Such a risky hypothesis, which must be tested face to face with reality and which, by this repeated confrontation, is forced to its own constant recalibration, is, to my mind, the task of philosophy. Philosophy is not insensitive to variants; on the contrary, it is highly solicited by differences and differing. The solicitation, however, occurs precisely because philosophy desires to hold onto the essential, onto unity. This also explains why, even if it proceeds through subsequent confutations, philosophical reflection may nevertheless be read as an excavation in which new achievements do not simply set aside what had previously been said but rather deepen the unsaid in perhaps unexpected ways.

This is enough in terms of justifications, which also aim at avoiding opposite yet finally convergent accusations of superficiality or presumptuousness. The philosophical gaze does not say more, it says other. It says well if it remains loyal to its own alterity.

For philosophy, holidays are the sacred within time.

Within space, there are natural or artificial places where the feature of sacredness is recognized. Likewise, within time, there are moments that, thanks to a specific determination, assume the traits of sacredness. Two aspects appear as essential in this process that intertwines but does not coincide with religious experience: collective delimitation and acceptance. As long as time (but something similar could be said also of space) unfolds in undifferentiated neutrality, we remain within everydayness. Everything is actual yet is simultaneously flowing. Time properly does not exist: not today, not yesterday, not tomorrow. Pure everydayness is atemporal. Pure everydayness gives way also to simultaneity without sharing. Pure everydayness leaves everyone alone in the face of the inexorable flowing of time.

Time belongs to me only through my stopping it, giving it some measure, marking it with a white pebble. This belonging is never private; it demands sharing. Even when it signals something completely private (such as a birthday), it becomes a holiday only on condition that others share in the event. Holidays require a public dimension. With this, time becomes shared time. It assumes a stability to which one can refer also after the passing of seasons. It comes back. It even becomes capable of marking the undifferentiated passing of everydayness.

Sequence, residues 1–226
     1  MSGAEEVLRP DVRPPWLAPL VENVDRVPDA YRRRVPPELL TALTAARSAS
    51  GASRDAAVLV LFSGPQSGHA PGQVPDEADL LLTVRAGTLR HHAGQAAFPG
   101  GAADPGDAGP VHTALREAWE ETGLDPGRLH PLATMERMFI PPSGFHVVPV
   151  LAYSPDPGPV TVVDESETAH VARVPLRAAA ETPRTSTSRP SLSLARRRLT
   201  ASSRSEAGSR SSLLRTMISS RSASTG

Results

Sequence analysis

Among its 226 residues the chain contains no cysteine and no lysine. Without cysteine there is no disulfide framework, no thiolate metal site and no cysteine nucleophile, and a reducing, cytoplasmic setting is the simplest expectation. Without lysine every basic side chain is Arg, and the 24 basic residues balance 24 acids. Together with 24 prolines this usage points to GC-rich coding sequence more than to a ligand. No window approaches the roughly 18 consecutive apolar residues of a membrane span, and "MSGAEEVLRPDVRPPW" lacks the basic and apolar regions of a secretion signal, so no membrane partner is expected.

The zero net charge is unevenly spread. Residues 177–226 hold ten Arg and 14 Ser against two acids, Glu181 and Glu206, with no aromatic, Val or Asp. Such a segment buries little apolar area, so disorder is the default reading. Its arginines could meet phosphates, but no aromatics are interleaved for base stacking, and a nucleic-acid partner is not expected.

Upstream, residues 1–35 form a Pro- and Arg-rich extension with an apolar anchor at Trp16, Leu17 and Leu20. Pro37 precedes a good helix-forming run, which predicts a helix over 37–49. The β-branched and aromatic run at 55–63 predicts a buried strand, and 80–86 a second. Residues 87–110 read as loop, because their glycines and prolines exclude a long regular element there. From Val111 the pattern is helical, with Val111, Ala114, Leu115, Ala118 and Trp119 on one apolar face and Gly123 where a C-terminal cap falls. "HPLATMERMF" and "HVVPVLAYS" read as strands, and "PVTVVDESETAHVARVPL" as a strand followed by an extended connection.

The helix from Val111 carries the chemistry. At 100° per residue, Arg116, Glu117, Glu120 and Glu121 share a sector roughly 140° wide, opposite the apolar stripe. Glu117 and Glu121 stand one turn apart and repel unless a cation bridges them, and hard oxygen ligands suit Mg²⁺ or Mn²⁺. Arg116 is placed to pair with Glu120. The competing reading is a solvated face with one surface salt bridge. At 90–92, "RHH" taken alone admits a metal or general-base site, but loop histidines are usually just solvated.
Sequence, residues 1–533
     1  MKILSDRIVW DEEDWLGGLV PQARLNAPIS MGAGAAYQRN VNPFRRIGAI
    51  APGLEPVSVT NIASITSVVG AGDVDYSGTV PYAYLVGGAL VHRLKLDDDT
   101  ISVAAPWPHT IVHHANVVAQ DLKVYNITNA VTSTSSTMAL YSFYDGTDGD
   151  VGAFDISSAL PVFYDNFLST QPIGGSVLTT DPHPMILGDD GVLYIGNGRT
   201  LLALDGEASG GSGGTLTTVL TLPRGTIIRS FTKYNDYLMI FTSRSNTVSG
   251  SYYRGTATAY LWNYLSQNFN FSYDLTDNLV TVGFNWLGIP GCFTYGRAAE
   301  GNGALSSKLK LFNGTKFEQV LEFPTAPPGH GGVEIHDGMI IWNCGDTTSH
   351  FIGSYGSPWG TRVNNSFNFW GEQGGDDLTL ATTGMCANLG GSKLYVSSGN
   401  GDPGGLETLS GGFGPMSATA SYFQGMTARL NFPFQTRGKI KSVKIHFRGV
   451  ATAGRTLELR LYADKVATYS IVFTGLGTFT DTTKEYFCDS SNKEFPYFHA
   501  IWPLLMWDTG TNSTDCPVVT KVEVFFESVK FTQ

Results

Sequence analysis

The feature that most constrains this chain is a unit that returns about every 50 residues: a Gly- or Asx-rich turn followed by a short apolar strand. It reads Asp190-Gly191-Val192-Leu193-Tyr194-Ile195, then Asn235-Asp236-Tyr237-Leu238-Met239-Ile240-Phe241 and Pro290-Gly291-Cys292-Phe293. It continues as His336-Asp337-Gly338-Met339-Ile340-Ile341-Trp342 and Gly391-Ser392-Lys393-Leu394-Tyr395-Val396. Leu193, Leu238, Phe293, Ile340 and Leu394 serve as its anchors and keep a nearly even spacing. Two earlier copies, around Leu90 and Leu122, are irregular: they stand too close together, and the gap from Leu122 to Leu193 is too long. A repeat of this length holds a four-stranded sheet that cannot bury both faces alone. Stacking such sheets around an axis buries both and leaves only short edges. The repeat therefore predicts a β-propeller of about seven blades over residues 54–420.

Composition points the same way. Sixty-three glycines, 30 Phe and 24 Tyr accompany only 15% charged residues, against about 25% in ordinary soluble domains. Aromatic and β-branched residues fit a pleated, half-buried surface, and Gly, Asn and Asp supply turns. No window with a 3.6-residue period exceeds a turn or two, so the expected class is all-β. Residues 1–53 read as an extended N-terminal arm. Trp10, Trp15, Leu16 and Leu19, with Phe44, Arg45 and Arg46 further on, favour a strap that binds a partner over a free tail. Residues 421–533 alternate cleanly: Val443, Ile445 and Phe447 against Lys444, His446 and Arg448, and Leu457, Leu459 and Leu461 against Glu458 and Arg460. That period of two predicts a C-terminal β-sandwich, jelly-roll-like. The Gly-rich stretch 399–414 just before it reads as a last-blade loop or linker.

As one can see, the two elements, delimitation and sharing, are tightly interwoven. Delimitation becomes an occasion for sharing. Experience seems to signal a (perhaps even unsurpassable) tension between these two aspects. Ontology as well as political philosophy has become an interpreter of this. In a letter, Spinoza writes, “omnis determinatio est negatio [all determination is negation].” He thus leaves us with a principle that subsequent philosophy, from Kant and Hegel onward, repeats in constantly different variants and with various attempts at its overcoming. Determination appears here at the origin of separation, not of sharing as I have maintained. The same experience seems to mark political events even more explicitly. In Utopia, Thomas More finds one of the roots of the social inequalities he aimed at fighting precisely in the enclosures, the separated fields. As is well-known, Rousseau identifies the origin of private property, and hence of an unjustified social order, in the occupation of a space, that is, in delimitation. All subsequent theories that consider private property as robbery are basically nourished with the same theoretical presuppositions. Finally, even at the level of marking time, there are plenty of experiences that show, contrary to what I have proposed, that there are numerous ways of delimiting time so as to make it my own, distinguishing it in the form of something private that gives a rhythm to the flowing of hours. Many private daily rites seem to be ways to mark time in such a manner that it becomes mine.